Filed Under:  National

Support growing for stricter gun control, poll finds

8th August 2016   ·   0 Comments

A new poll has found that support for stricter gun laws continues to grow across the U.S., but respondents also were less than hopeful about those changes happening anytime soon, according to the Associated Press-GfK survey conducted in early July.

Almost two-thirds of respondents said they support tougher gun laws, with most favoring nationwide bans on semi-automatic assault weapons and the sale of high-capacity magazines holding 10 or more bullets.

The percentage of U.S. respondents supporting stricter gun laws is the highest it has been since the Associated Press’ GfK poll began asking the question in 2013, a survey taken 10 months after a mass shooting at Sandy Hook Elementary School in Newtown, Conn. claimed the lives of 20 children and six educators.

Recent high-profile shootings appear to have significantly impacted Americans’ sense of safety and prompted most respondents to express concern that they or a relative will become a victim of gun violence or a mass shooting.

“If you live in the United States in these days right now, you have to be concerned,” Milonne Ambroise, a 63-year-old administrative assistant from Decatur, Ga., told The Associated Press. “You could be on the street somewhere. You could be at a shopping mall thinking there will be a mass shooting and you will be in the middle of it. You can’t not think about it.”

Ambroise, a Haitian immigrant who moved to the U.S. almost 50 years ago, said she is now much more alert and on guard whenever she is in public.

“What if I have to run?” she said.

“Where’s the exit? Where would I go?”

Race appears to be a factor in determining how concerned Americans are about becoming a victim of gun violence or a mass shooting. The survey found that nonwhites are significantly more likely to be very or extremely concerned.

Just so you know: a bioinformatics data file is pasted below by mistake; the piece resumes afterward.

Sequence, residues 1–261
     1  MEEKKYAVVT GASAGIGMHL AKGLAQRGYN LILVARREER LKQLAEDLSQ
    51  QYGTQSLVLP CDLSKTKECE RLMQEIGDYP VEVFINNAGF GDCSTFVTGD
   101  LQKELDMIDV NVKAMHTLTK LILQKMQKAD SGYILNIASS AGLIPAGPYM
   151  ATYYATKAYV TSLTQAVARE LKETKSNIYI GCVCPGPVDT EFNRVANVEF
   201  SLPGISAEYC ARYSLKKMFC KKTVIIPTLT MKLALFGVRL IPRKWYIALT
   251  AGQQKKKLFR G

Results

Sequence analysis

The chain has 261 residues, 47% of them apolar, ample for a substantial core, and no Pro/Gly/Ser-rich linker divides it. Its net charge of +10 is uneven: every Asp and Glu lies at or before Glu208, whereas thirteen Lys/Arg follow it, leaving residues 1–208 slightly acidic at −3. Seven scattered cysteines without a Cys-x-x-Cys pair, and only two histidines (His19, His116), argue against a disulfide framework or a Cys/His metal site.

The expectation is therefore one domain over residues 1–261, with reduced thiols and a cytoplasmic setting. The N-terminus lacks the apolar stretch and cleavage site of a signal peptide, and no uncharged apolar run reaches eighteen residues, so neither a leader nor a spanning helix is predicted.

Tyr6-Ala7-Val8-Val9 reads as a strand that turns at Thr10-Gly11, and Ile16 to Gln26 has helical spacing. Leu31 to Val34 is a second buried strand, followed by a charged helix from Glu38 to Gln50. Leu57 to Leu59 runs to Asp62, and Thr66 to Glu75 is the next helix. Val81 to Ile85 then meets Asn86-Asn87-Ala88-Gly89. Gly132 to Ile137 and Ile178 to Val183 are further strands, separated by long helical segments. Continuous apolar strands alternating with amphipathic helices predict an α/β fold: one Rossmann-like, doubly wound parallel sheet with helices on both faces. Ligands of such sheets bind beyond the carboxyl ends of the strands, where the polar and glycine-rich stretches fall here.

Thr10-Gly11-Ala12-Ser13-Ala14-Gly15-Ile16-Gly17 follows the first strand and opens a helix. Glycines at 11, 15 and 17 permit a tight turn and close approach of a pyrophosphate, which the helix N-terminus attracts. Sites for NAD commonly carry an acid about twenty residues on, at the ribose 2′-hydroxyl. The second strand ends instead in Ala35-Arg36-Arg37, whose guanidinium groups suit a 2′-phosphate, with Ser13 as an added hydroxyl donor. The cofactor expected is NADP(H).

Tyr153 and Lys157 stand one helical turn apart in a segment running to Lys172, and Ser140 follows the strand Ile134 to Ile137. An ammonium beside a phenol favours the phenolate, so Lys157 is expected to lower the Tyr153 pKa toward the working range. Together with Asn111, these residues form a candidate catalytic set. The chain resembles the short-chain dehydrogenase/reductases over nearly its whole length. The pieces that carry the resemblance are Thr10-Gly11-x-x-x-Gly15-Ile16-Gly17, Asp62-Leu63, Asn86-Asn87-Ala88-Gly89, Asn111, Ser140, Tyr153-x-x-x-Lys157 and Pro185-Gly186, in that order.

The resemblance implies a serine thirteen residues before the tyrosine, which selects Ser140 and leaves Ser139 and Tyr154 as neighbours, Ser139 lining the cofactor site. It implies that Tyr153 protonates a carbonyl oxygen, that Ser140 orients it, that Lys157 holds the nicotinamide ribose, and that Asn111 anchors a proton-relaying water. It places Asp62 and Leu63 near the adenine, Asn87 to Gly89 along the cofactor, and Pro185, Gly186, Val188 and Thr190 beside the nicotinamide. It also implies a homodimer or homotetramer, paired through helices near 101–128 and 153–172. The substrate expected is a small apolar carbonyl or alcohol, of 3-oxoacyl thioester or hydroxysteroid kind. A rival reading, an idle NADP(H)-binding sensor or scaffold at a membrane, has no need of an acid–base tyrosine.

Alonzo Lassiter, 66, of suburban St. Louis told The Associated Press that he is worried that his 17-year-old son who is autistic could be the victim of gun violence at the hands of a robber or the police.

“If somebody told him to get on the ground and put his hands up — or told him to give up his headphones — he wouldn’t readily identify those instructions,” Lassiter, who is Black, explained. “He may be an easy target.”

The poll was conducted July 7 to July 11, beginning just two days after Alton Sterling was killed by police in Baton Rouge, La. and a day after Philando Castile was killed by a cop in Minnesota. The survey also began just weeks after 50 people at an Orlando, Fla. nightclub were murdered by a lone gunman and 53 others were wounded.

The Associated Press reported that most of the interviews were conducted after Dallas gunman Micah Brown gunned down five police officers and wounded seven others.

A majority of the poll’s respondents supported a national approach to gun laws, rather than a patchwork of state laws or local regulations, even though Congress thus far has failed to act on many of the initiatives the poll showed Americans support. Fewer than half of those surveyed said they believe gun laws will get tougher over the next year.

Fifty-five percent of respondents said that laws that limit gun ownership do no infringe on the constitutional right to bear arms while 43 percent disagreed. Eighty-seven percent of Democrats support tougher gun laws compared with 41 percent of Republicans.

The survey found that women and those who live in cities and suburbs were more likely to support tougher gun laws than men and those who live in rural areas.

The survey found that there was strong support for laws that require background checks for people buying firearms at gun shows and through other private sales. A strong majority of respondents also support a ban on gun sales to individuals on the federal terrorism watch list even if they have not been convicted of a crime.

“Why should it only have to be the dealers that have to do the background checks?” John Wallace, a disabled Vietnam vet and former gun dealer who lives in Limestone, Maine, and owns several guns, told The Associated Press. “At gun shows, individual sellers should be required to do the background checks so they don’t end up selling them to the criminal element.”

Despite widespread support for stricter gun laws, the majority of respondents oppose banning handguns, imposing an Australia-style gun buyback program or making gun manufacturers or sellers liable if guns are later used in a crime.

This article originally published in the August 8, 2016 print edition of The Louisiana Weekly newspaper.

Readers Comments (0)

You must be logged in to post a comment.